Beth Fertig is the contributing editor for education, covering the New York City public school system for WNYC on air and online at SchoolBook.org. She has covered education in the city for more than 15 years. Beth is the author of Why cant u teach me 2 read? Three Students and a Mayor Put Our Schools to the Test (FSG Books) which grew out of a radio series on the low graduation rate for special education students. Follow her @bethfertig.
Brother of Lost Autistic Boy Heads to Law School after Tragedy
Monday, April 28, 2014 - 04:00 AM
When a 14-year-old autistic boy named Avonte Oquendo disappeared from his public school in Queens last October, his family organized search parties and maintained a command center outside the school. Along with Avonte's parents, his half-brother Danny Oquendo was critical to keeping the city's attention on the missing boy.
After the boy's remains were found in the East River three months later, Danny said he was motivated to make a change in his life, crediting a man he met during the search with his new career focus. That man was Attorney Gary Mayerson who specializes in helping children with autism.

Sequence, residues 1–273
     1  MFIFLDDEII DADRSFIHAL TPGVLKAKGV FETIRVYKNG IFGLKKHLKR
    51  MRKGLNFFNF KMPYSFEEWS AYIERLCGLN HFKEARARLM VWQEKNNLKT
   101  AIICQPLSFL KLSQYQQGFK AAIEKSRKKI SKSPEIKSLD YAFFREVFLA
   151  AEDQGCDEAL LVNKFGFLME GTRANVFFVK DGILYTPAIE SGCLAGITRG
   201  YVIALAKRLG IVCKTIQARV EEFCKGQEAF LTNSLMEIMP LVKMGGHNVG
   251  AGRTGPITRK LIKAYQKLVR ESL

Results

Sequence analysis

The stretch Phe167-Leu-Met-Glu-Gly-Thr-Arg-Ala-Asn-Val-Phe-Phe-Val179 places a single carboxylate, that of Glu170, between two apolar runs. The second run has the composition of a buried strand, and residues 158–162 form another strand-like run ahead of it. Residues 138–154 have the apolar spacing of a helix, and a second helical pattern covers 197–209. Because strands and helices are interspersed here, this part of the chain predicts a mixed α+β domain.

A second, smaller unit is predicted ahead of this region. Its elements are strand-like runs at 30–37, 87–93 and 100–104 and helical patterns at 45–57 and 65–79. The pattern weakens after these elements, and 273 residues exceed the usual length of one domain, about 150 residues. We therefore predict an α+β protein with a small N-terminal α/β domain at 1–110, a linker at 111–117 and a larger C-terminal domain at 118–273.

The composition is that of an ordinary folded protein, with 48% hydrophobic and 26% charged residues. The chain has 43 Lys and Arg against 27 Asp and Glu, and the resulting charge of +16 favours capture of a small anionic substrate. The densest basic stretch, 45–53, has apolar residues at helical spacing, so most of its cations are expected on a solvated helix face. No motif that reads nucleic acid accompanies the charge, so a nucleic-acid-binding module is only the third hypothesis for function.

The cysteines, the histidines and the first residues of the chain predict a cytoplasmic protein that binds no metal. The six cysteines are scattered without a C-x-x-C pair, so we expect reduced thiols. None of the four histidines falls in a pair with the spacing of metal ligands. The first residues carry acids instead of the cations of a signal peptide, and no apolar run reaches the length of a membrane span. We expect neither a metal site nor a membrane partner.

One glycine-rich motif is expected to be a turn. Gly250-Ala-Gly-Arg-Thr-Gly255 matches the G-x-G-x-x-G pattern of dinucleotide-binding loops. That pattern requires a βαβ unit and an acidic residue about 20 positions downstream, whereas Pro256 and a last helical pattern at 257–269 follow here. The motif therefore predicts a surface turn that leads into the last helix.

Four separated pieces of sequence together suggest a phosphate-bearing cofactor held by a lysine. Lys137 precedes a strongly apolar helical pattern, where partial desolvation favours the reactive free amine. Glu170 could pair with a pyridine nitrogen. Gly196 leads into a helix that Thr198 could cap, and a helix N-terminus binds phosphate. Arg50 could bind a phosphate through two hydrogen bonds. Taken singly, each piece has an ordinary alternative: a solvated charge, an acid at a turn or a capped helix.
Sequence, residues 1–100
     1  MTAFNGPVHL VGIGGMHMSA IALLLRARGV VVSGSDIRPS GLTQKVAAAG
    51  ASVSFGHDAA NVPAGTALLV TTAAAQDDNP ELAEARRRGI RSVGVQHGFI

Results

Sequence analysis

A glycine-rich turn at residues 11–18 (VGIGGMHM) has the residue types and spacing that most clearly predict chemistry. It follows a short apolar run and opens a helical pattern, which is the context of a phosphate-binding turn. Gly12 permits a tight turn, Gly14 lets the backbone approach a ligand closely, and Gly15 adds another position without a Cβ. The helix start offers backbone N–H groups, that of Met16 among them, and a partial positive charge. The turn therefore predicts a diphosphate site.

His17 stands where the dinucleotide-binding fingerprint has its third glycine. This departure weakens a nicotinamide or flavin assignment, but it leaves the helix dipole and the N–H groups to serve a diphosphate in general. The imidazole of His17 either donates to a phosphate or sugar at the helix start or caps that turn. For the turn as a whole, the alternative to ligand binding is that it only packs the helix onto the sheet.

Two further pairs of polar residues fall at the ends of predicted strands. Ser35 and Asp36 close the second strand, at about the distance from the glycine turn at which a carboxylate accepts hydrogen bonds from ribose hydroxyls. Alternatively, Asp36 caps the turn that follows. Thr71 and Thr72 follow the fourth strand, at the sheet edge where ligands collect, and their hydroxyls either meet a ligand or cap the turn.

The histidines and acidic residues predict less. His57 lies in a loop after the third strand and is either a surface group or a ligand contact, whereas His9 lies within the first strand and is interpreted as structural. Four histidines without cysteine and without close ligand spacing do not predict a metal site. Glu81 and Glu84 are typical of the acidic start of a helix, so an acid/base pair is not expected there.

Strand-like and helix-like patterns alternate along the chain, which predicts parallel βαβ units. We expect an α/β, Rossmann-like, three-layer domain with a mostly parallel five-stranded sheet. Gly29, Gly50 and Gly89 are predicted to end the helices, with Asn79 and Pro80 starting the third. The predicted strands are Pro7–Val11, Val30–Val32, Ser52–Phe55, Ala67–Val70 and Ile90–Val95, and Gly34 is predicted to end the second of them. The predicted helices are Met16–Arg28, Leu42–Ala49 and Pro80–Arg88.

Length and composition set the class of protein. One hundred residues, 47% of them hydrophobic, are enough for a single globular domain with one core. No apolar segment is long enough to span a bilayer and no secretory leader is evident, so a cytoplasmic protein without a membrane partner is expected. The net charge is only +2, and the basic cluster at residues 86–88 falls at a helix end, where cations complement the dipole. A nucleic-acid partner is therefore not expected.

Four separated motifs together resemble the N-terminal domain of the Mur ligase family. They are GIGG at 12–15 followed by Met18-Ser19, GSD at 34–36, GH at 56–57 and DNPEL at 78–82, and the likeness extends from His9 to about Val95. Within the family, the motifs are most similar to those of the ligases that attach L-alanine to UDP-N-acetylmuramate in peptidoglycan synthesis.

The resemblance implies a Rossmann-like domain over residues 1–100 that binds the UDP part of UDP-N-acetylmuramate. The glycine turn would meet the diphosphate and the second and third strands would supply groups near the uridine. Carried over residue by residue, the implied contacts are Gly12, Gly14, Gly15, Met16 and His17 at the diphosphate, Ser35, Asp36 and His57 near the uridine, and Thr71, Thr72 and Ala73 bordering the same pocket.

Over lunch one day Oquendo learned more about Mayerson's work.
"I thought, wow, that's awesome, I didn't know lawyers did that," he recalled. "After the sad news of Avonte passing, I was reinvigorated to reapply to law school and do something that Gary's firm does."
He recently accepted an offer to attend New York Law School. And Mayerson has promised Oquendo a summer associate's position next year.
Although he's still learning about special education law, Oquendo said his priority will be improving school safety because of the way his brother was able to slip out of school. Mainly, he wants to turn his family's tragedy into something that can help others.
"Bad things do happen. They happen to everyone," he said. "You just have to be able to turn around and turn it into something good and positive."